Why We Disclose Personal Information Despite Cybersecurity Risks and Vulnerabilities: Obligatory Passage Point Perspective

Why We Disclose Personal Information Despite Cybersecurity Risks and Vulnerabilities: Obligatory Passage Point Perspective

Patrick I. Offor (City University of Seattle, Seattle, USA)
Copyright: © 2018 |Pages: 16
DOI: 10.4018/IJSEUS.2018100104

Abstract

Is it fair to say that the disclosure of personal information, in an online setting, is voluntary or due to incentivization, cognitive risk-benefit analysis, cognitive predisposition, or based on information sensitivity, whereas our personal information is being collected, knowingly and forcibly most of the time, and unknowingly and inadvertently at other times? While the collection of personal information is necessary to organizations and online users alike, in completing online transactions, the issue is the collection of additional non-pertinent information that serves only organizations' prescriptive and predictive analytics and their business interests, and not the users'. Most study on the phenomenon have centered on voluntary or willful disclosure, and on technical collections. This article examines the phenomenon based on the concept of the obligatory passage point and found that online users disclose their personal information online mostly because the information are designated as required in an online setting, contrary to conventional beliefs.
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Introduction

Personal information or personal data is the heartbeat or the basis for online transaction processing. In other words, the disclosure of personal information is the bedrock upon which electronic activities, over the Internet, flourishes. Personal information includes personal identifiable information, personal financial information, and personal healthcare information. Some personal information can be classified as sensitive or confidential. The personal information and online transaction relationship is such that an online user would always be required to provide some sort of personal data in any human-internet interaction for proper identification, authentication, payment, and for ensuring the completeness of the transaction, whether the transaction is for goods or for services. Completeness of a transaction involves all activities from the initiation of a transaction to the receipt of the goods or services.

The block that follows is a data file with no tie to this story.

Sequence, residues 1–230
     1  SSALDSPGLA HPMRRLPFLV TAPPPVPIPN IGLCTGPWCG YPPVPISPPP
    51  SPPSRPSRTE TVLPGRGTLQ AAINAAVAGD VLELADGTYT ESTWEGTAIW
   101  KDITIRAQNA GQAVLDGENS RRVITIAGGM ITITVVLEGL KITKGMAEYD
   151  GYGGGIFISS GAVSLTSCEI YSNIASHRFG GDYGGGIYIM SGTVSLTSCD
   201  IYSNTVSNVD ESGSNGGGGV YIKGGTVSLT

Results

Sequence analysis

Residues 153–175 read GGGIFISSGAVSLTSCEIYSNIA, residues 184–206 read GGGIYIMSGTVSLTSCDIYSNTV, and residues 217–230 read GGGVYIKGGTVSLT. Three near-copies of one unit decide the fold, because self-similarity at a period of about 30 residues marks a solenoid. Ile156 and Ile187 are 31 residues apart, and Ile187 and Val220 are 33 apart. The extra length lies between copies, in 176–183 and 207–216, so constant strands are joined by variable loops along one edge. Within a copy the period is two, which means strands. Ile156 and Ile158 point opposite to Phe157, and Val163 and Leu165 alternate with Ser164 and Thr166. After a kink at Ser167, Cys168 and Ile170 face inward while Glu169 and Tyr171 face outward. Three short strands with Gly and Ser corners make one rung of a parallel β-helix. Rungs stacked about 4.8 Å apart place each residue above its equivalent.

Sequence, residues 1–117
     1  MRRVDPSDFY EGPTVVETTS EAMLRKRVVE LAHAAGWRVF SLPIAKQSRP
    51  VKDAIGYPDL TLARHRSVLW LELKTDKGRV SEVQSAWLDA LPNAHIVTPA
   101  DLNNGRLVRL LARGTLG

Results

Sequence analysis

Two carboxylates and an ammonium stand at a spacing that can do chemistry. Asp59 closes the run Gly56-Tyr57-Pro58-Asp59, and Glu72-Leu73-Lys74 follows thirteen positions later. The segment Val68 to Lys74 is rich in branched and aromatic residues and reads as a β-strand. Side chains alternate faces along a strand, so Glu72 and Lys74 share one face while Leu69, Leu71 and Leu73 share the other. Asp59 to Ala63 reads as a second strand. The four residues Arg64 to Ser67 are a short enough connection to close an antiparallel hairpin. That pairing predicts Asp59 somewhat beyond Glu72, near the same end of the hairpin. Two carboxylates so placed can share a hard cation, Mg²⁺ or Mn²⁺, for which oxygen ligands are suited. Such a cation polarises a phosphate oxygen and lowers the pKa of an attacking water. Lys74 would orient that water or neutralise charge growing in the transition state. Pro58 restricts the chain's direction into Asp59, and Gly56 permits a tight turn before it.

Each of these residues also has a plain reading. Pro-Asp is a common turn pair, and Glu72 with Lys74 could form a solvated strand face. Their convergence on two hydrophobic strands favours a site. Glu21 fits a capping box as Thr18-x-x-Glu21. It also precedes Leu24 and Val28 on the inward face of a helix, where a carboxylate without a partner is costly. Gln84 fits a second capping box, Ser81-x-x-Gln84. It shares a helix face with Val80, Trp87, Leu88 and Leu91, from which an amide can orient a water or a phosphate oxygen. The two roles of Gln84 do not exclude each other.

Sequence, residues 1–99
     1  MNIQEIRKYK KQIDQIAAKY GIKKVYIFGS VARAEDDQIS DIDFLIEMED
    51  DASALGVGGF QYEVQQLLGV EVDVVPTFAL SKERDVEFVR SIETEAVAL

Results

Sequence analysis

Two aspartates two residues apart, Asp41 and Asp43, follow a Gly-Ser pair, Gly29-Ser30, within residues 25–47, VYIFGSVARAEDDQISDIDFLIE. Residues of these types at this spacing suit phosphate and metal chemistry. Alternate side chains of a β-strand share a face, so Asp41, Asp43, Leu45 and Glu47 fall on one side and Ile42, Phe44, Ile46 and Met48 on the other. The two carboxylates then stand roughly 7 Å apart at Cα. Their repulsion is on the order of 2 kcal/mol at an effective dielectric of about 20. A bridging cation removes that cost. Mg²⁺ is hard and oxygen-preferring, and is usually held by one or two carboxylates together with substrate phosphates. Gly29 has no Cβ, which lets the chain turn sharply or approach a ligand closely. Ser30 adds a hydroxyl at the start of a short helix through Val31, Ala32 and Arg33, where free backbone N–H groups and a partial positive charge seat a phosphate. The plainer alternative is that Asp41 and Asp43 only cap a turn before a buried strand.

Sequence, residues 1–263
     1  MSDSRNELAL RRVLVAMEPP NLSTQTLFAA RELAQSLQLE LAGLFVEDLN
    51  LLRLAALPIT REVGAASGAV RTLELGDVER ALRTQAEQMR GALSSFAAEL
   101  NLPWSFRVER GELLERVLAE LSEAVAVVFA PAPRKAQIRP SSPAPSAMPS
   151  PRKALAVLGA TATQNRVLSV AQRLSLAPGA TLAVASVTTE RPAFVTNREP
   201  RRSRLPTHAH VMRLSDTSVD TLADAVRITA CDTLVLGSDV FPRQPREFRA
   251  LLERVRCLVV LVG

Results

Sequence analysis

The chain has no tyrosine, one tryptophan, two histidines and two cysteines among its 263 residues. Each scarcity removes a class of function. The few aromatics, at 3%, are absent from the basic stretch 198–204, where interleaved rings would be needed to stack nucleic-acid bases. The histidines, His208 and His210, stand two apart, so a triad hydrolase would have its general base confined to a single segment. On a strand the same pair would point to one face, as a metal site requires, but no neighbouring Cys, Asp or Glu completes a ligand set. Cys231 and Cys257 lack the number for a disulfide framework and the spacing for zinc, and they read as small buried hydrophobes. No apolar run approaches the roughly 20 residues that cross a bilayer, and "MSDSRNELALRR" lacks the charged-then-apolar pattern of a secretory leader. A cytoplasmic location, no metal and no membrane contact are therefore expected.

The numbers of online transactions are on the rise because the number of users of internet capable devices and the number of organizations with online presence have increased dramatically in the U.S., and around the world (Offor, 2016). Therefore, the need for organizations to obtain, store, and use or deploy their online users’ personal information in electronic commerce or business (e-commerce or e-business), electronic government (e-government), electronic healthcare (e-healthcare), electronic marketplace (e-marketplace), online banking, and the like has grown exponentially.

Sadly, the same personal information has also become the main target of cybersecurity incidents and attacks, from malicious and non-malicious attackers, because of the central role it plays in advancing online transactions. The largest exposures of data breaches, around the world, have occurred in the last couple of years. Among them are (1) the 3.0 million records exposed at Yahoo in 2016, (2) the 2.0 billion records at DU Caller Group, in China, in 2017, (3) the 1.3 billion records at River City Media, in the U.S., in 2017, (4) the 1.2 billion records at NetEase Incorporated (dba 163.com), in China, in 2017, (5) the 1.1 billion records at Aadhaar database, in India, in 2018, and (6) the 711 million records from a misconfigure spambot database, in the Netherlands, in 2017 (Risk Based Security Report, 2018). Furthermore, the average cost of each lost or stolen record that has sensitive or confidential information was $141 in 2016 and the average total cost of data breach was $3.62 million in the same year, according to the 2017 Cost of Data Breach study, which involved 419 companies in 13 countries (Ponemon Institute Report, 2017). Henceforth, while the costs associated with cybersecurity attacks and the possibility of loss of revenue from negative media coverage inform organizations’ cybersecurity concerns, the lack of control of personal information informs online users’ concerns. Meanwhile, the costs of data breaches increased by 6.4% in the 2017 and the cost of each stolen record rose to $148 (Ponemon Institute Report, 2018).

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